If other treatments are not successful or the condition is severe, surgery is usually successful in restoring full movement.
The recovery time for trigger finger surgery is quick, and the procedure has a high chance of success.
What is trigger finger?
Trigger finger is a condition characterized by the fingers getting stuck in a particular position, usually a bent or ‘crooked’ position.
Trigger finger or stenosing tenosynovitis is when the finger gets stuck in a particular position at one or more of the joints.
Trigger finger can make it difficult to move or use the finger; it also causes pain and discomfort.
The condition can affect any finger or the thumb and can occur in one or more fingers. Trigger finger is sometimes called trigger digit, as it can affect the thumb as well as the fingers.
Tendons connect the bones to muscles, allowing them to move. The tendons are protected by a covering called a sheath. When the tendon sheath becomes inflamed, it can make movement difficult and sometimes result in trigger finger.
The symptoms of trigger finger are:
- pain at the bottom of the finger or thumb when it moves or is pressed on
- stiffness or a clicking sound when moving the finger or thumb
- as the condition worsens, the finger or thumb may curl and get stuck, before straightening suddenly
- loss of the ability to bend or straighten the finger or thumb
The condition can affect any digit but is most common in the fourth and fifth fingers of the hand and the thumb.
Types of surgery
There are three types of surgery for trigger finger:
- Open surgery: A surgeon makes a small incision in the palm of the hand and then cuts the tendon sheath to give the tendon more room to move. The surgeon will use stitches to close the wound. A person will typically be given a local anesthetic so should not feel any pain.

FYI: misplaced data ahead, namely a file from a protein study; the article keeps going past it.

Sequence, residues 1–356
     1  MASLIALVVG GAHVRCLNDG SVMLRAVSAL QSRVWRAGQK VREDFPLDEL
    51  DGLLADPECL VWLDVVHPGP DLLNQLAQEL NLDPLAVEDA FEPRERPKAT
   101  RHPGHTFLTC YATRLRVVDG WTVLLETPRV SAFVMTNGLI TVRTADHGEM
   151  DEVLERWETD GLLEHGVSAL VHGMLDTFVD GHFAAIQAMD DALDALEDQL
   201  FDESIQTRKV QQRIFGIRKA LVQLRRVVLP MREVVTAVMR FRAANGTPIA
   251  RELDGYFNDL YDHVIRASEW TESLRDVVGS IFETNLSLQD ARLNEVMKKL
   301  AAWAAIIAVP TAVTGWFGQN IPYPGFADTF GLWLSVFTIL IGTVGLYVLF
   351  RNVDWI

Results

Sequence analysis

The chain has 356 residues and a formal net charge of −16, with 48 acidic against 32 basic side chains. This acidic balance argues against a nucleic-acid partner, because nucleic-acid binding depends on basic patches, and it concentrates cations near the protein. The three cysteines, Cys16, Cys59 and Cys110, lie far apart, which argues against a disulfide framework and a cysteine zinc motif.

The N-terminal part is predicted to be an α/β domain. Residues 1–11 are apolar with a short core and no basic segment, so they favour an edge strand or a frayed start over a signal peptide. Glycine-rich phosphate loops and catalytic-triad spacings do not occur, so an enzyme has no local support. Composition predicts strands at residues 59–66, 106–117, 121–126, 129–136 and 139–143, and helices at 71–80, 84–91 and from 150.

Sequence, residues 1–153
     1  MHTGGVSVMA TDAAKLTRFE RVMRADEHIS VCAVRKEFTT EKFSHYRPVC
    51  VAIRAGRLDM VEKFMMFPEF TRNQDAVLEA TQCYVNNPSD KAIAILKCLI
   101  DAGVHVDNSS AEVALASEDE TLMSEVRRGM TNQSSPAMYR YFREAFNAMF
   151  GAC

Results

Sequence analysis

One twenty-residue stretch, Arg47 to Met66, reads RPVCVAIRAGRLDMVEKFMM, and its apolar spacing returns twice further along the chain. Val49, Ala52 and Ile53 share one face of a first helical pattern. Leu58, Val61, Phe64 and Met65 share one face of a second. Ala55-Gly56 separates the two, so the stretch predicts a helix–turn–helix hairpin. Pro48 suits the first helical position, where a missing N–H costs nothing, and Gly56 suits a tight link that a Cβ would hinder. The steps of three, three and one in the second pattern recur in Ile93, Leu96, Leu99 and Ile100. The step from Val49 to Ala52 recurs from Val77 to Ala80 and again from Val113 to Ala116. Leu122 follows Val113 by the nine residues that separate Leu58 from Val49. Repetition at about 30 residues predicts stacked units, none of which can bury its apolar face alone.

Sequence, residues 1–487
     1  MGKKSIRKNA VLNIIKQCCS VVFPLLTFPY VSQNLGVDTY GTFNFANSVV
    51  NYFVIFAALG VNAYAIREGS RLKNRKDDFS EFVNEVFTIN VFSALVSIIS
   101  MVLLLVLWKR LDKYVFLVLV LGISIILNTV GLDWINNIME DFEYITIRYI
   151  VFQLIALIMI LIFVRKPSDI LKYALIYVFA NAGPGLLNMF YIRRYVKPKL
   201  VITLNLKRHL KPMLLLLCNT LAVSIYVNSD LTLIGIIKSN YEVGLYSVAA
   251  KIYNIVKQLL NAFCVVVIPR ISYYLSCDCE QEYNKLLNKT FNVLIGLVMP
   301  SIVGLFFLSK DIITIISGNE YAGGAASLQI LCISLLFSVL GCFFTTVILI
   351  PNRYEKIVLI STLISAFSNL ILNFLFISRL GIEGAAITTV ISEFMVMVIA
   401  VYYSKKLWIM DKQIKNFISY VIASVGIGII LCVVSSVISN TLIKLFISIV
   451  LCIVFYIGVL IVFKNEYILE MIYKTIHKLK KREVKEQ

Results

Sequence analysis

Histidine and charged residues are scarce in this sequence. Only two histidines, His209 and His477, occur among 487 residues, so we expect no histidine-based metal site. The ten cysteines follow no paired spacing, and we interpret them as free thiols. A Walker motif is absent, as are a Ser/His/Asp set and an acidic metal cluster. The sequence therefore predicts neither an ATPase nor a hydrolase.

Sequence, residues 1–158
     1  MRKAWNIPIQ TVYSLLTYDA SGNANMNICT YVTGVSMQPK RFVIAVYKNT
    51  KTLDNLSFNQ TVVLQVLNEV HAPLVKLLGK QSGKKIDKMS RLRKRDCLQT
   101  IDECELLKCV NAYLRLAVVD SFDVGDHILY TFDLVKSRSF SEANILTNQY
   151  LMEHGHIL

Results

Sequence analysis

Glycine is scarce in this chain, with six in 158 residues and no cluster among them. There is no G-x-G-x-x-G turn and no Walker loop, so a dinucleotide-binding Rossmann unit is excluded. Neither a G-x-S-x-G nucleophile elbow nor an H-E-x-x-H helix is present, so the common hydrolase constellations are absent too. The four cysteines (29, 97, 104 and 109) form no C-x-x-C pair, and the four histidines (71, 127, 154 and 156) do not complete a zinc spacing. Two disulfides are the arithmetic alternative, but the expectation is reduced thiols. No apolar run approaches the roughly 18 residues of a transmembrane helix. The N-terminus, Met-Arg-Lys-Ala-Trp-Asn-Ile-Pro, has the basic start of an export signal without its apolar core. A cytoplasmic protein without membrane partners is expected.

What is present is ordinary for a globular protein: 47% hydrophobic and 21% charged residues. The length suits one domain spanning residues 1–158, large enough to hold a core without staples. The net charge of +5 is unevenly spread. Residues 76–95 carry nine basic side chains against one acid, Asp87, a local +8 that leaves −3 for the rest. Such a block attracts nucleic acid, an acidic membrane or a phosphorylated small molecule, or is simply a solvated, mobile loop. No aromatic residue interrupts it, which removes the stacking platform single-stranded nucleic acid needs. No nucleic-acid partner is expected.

- Percutaneous release surgery: This surgery is also done using a local anesthetic. A surgeon inserts a needle into the bottom of the digit to cut the tendon sheath. This type of surgery does not leave a wound.
- Tenosynovectomy: A doctor will only recommend this procedure if the first two options are not suitable, such as in person with rheumatoid arthritis. A tenosynovectomy involves removing part of the tendon sheath, allowing the finger to move freely again.
Open surgery has traditionally been preferred by medical professionals because it has a very low risk of complications.
There is a small chance that percutaneous release surgery may damage blood vessels or nerves close to the tendon sheath.
However, percutaneous release surgery does not leave a scar and is more cost-effective. A small 2016 study found that people had an equal level of long-term satisfaction with both open and percutaneous release surgery.
Surgery will take around 20 minutes, and a person should not have to stay in the hospital overnight. The person will remain awake during the procedure, but local anesthetic will ensure they do not feel any pain.
Recovery and aftercare
Fresh dressing should be applied to the finger for a couple of days after open surgery.
Surgery may initially cause some pain or soreness. Doctors may recommend over-the-counter painkillers for relief.
Immediately after surgery, a person should be able to move their finger or thumb. Be gentle with movements at first; full movement can be expected to return in 1 to 2 weeks.